Fuel subsidy to be revamped

The government will unveil targeted fuel subsidy during the tabling of Budget 2024 in the Parliament on 13 Oct 2023, to replace the existing blanket fuel subsidy, likely to be effective from 1 Jan 2024. This shift is motivated by the unsustainable financial burden of the existing setup, where a considerable 35% of the RM77.3b subsidy in 2022 was utilised for fuel subsidies that benefitted the wealthier T20 group substantially. Leveraging the new PADU database that integrates data from various government agencies including LHDN and JPJ, the government aims to identify recipients using a “net disposable income” criterion, intending to largely exclude the T20 demographic.

Kenanga believes part of the M40 group may also be cut off, resulting in reduced spending power of this group of consumers, therefore turn cautious on mid-market retailers. Respite from easing prices of some soft commodities. Consumer staples players will also enjoy a respite from easing prices of some soft commodities, ushering in margins recovery. Prices of some key soft commodities have been softening in recent months including milk, wheat and corn, as well as freight costs (see Exhibit 1). Prices of some soft commodities have declined as much as 10%-30% YTD. On the flip side, prices of sugar and cocoa have surged more than 30% YTD.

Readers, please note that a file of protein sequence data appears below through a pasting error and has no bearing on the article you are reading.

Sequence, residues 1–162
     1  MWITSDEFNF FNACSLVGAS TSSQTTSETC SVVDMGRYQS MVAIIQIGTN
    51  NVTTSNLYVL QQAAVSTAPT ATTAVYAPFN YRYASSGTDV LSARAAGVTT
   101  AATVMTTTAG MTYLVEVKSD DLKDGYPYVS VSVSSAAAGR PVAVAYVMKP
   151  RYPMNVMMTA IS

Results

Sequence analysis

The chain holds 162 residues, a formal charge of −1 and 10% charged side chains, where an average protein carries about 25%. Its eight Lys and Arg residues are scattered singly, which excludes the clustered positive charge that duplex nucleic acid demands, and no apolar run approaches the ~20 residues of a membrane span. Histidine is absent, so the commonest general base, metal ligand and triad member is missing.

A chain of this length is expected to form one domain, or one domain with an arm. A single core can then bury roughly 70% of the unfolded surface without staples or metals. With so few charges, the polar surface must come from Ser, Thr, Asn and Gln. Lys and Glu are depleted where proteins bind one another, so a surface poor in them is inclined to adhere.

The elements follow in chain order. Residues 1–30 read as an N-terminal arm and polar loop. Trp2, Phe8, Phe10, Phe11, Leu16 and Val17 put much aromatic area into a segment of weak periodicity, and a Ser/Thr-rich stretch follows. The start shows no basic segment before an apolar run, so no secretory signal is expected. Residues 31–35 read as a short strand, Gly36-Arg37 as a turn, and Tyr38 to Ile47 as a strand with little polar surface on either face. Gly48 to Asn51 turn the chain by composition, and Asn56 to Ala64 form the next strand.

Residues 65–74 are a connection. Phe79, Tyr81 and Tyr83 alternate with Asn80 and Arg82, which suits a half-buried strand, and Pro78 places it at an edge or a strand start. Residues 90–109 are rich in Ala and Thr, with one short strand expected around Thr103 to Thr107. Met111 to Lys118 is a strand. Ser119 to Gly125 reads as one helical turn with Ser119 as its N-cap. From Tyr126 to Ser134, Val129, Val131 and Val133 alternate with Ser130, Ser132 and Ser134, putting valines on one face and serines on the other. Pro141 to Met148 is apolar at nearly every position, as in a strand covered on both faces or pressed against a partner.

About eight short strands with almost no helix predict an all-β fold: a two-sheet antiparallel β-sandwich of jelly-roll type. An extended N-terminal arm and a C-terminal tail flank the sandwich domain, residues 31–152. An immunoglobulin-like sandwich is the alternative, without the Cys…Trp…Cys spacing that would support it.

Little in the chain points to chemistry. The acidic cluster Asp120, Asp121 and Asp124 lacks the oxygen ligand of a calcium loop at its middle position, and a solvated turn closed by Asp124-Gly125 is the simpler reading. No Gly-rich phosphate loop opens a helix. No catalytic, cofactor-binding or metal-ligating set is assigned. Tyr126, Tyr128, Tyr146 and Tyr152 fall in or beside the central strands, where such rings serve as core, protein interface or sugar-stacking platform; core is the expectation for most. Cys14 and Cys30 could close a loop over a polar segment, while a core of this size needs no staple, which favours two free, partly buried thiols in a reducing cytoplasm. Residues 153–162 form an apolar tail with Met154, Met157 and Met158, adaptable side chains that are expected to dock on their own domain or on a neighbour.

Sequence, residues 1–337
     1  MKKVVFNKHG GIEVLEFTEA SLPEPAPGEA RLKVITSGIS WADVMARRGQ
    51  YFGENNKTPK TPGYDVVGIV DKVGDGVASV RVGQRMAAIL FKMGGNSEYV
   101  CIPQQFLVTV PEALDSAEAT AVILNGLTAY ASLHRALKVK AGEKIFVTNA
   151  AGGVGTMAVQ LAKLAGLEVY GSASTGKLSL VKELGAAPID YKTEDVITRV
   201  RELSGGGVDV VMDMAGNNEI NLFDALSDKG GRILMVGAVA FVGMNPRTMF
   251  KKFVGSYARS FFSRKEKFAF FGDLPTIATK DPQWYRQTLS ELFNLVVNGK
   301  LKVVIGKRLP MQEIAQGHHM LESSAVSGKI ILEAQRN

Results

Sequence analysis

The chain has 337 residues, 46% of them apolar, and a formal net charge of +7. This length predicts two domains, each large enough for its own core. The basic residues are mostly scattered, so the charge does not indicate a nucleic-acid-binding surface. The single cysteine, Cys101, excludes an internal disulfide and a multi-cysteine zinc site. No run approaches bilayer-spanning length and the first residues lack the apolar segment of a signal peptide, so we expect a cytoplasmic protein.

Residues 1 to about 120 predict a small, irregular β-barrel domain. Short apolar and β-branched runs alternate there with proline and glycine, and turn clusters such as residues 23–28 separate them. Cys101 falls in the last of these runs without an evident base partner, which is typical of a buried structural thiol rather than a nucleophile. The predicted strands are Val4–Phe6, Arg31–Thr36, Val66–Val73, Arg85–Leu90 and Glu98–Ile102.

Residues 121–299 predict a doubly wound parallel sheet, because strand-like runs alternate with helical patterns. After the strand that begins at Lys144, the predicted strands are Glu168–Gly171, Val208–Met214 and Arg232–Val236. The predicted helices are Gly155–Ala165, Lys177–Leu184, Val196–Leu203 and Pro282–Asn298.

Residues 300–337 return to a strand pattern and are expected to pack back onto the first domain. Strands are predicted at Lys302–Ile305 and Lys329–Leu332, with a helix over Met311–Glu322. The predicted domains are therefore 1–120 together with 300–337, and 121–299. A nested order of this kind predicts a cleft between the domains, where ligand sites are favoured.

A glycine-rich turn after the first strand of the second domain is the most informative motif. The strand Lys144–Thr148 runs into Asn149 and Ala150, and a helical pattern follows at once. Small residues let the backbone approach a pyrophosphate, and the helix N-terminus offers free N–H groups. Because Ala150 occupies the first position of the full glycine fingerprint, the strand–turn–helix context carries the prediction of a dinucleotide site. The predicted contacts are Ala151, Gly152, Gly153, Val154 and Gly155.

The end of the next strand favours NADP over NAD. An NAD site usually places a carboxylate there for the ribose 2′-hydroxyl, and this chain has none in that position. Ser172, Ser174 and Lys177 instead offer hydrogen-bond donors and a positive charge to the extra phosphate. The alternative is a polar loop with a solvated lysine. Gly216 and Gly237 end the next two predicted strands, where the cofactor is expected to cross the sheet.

The robust sugar prices can be attributed to a series of factors including unseasonal rainfall in India, subpar beet crops in Europe, and drought conditions during the summer. Similarly, the strength in cocoa prices is largely due to adverse weather conditions in West Africa, impacting cocoa production. We believe the fluctuation of these key commodities prices are likely to echo in the financial performances of industry players within a period of 3-6 months.

Valuation update

Kenaga maintains their valuation basis for consumer staples players at 22x, in line with the segment’s average historical forward PER. However, they cut the valuation basis for departmental store/apparel players to 12x (from 15x), at a 20% discount to the segment’s average historical forward PER of 15x to reflect the eroded spending power of their target customers, i.e. the M40 group.